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Collaborative Edge Computing in Mobile Internet of Things

Collaborative Edge Computing in Mobile Internet of Things

Rhetorical network analysis in this study finds that an interesting theme recurring across periods of time: people complain that CCTV only focused on attacking Apple but neglected many serious quality issues, such as poisonous food, deadly medicine, polluted air and water, etc. all of which were vital to people’s livelihood yet overdue for long time. These people argue that compared with a back plate in iPhone—the subject of debate in the controversial “whole- phone” repair policy, the above issues are the real concerns for common people and also should be the target of investigation for a state media who claimed to serve the people. Thus, CCTV’s wrong focus on Apple’s service, a non-emergent issue, and its procrastination on reporting significant social problems prove that CCTV abused its power of speech. Here are some examples in which people attack CCTV for not paying attention to serious social problems:
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Collaborative Edge Computing in Mobile Internet of Things

Collaborative Edge Computing in Mobile Internet of Things

Among more interactive uses of explanation, three studies were identified. Soundness of recommendations and completeness of explanations in recommendations was examined by Kulesza et al. (2013) in a music preference context. They tested the impact of completeness and soundness of explanations on user’s mental models, recommending that both completeness and soundness are required, but only if users believe their input is improving the intelligent agent. In Sklar and Azhar (2018) the researchers experimented with coordination of a robot that could provide an explanation in dialogue through argumentation. They found that subjective preference and objective performance criteria did not vary significantly between explanation and black box conditions. Holliday, Wilson, and Stumpf (2013) compared the effect of users being provided an explanation that they could then correct to a system that did not provide explanations. They found that participants in the condition where they were not providing explanations exhibited more control-exerting behaviors and reported such while “thinking aloud,” but there were no perceptual differences in control when the same concept was tested in a questionnaire. They deduced that there were differences between perception and behavior related to perception of control.
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Collaborative Edge Computing in Mobile Internet of Things

Collaborative Edge Computing in Mobile Internet of Things

This project was focused on assessing and identifying the external factors that contribute to disparities; the project also explored the effect of MHC utilization in the improvement of healthcare access and recipients’ participation in health services. As a true advocate for justice, Florence Nightingale created public awareness, and championed the cause of those suffering as a result of unjust policies (Hegge, 2013). The project also responds to Nightingale’s challenge for nurses to create environments where population health is a realistic expectation (Hegge, 2013). Using MHC as the means of reducing barriers to healthcare was one of the options the author used to address access barriers. Nightingale’s call for action requires commitment to correct unjust social policies that are detrimental to human health. She invites providers to be equipped with organizational and political skills, integrity, honesty, courage, sensitivity to suffering, and persistence to withstand opposition (Hegge, 2013). Nurses are in an ideal position to challenge unjust social policies and create meaningful reforms to shape a just world of universally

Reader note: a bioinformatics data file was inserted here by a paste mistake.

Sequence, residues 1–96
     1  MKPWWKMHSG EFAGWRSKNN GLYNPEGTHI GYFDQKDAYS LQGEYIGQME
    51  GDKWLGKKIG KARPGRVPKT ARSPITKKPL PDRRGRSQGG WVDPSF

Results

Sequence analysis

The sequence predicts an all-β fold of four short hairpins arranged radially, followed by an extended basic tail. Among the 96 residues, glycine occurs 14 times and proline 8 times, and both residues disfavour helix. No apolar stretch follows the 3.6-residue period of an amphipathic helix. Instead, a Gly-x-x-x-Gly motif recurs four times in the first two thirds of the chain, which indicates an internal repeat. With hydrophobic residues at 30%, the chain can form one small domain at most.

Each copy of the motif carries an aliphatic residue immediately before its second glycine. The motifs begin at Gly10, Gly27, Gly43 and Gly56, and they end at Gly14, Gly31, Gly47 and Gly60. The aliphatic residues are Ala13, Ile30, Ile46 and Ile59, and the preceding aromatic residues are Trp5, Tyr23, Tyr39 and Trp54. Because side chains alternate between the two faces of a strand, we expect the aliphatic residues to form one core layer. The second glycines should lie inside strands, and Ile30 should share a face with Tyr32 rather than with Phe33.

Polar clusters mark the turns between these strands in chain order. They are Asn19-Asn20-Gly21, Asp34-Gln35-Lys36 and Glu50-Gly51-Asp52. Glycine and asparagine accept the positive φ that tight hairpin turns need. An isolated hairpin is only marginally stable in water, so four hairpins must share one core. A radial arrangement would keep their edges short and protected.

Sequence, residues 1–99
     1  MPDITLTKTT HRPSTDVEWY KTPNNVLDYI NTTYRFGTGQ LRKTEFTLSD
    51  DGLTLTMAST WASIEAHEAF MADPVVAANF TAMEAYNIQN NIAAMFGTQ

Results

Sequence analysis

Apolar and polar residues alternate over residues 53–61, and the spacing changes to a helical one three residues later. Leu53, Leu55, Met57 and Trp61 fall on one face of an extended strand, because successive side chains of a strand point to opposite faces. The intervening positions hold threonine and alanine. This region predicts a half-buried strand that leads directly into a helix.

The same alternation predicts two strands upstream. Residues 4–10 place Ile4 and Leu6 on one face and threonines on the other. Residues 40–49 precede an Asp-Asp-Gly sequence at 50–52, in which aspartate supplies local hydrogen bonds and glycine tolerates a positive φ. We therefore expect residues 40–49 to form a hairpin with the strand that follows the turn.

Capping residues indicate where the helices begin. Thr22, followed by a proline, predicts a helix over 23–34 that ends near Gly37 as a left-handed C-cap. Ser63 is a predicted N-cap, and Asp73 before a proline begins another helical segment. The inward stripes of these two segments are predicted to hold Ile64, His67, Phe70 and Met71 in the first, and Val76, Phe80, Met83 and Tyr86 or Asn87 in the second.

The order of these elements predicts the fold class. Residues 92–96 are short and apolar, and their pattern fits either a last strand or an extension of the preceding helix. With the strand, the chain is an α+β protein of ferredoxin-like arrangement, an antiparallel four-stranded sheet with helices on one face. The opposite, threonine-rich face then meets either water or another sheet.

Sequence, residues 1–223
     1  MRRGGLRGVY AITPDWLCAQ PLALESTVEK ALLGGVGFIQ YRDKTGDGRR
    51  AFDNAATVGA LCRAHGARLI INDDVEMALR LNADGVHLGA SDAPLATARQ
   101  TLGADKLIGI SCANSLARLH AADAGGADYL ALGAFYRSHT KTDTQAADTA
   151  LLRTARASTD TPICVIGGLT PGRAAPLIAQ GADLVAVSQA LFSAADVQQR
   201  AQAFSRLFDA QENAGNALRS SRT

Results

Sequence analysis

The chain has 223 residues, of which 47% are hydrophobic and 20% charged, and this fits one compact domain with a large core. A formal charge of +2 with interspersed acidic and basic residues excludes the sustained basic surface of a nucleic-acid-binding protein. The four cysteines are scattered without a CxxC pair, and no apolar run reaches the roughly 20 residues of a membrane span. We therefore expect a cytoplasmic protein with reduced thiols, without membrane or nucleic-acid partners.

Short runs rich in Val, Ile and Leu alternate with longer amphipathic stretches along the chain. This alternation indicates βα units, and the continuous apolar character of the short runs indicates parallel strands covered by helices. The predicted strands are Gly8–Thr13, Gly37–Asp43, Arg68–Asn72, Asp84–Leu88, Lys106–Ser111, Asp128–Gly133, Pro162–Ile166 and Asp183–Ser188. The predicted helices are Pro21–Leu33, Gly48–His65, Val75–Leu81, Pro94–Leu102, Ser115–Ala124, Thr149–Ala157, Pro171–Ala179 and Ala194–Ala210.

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Collaborative Edge Computing in Mobile Internet of Things

Collaborative Edge Computing in Mobile Internet of Things

worked at the organization and expressed interest in participation in a mindfulness meditation class or the comparison group. The study was a quasi-experimental design with a total of 46 participants whom were all white and primarily females. Of the 46 participants, 23 were classified in the meditation group while the other 23 were in the comparison group which were chosen voluntarily by the participants. A community sample was used to evaluate the impact of mindfulness meditation on stress and hope. Participants in the meditation intervention took a class that consisted of seven sessions over a 6-week period and surveys were given to evaluate the effectiveness of the class. Hope and stress were measured by different scales (Adult Hope Scale and Perceived Stress Scale). To analyze results, a multivariate analysis of covariance was administered, and results portrayed that indeed mindfulness meditation was associated with lowered stress and increased hope within participants. The data indicated that the meditation group exhibited significantly higher hope and lower stress levels than the comparison group. The path analysis indicated that reductions in stress fully mediated the relationship between
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Collaborative Edge Computing in Mobile Internet of Things

Collaborative Edge Computing in Mobile Internet of Things